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The Refuge

| Patagonia

The Gwich'in are fighting to protect their future, but they can’t win this battle alone.

 

For hundreds of generations, the Gwich’in people of Alaska and northern Canada have depended on the caribou that migrate through the Arctic Refuge. With their traditional culture now threatened by oil extraction and climate change, two Gwich’in women continue a decades-long fight to protect their land and future.

 

The Arctic Refuge is home to lands and wildlife vital for the subsistence way of life of Alaska Native communities; and it serves a vital role as a remaining link with the unspoiled natural world and a source of hope for future generations, even for those who may never set foot there. The Trump administration is proceeding with plans to give oil and gas companies the right to drill in the coastal plain of the Arctic Refuge. Drilling will destroy intact wilderness and violate the human rights of the Gwich’in, who rely on this sacred place to sustain their culture and way of life. The Gwich’in are fighting to protect their future, but they can’t win this battle alone.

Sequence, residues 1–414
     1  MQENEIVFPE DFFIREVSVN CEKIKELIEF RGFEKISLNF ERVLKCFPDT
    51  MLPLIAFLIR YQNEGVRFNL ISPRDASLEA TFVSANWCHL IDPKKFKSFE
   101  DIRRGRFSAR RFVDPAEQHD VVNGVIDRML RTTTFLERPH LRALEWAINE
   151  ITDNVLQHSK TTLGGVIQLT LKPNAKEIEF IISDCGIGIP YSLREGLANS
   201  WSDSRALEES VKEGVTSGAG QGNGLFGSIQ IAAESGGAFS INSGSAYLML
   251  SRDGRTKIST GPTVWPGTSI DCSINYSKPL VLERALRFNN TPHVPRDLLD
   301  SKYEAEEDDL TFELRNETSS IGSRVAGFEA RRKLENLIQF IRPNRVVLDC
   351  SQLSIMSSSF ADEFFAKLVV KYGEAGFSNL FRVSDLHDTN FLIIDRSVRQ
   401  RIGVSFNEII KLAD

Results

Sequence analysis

Banner image – Photo: K. Hudson.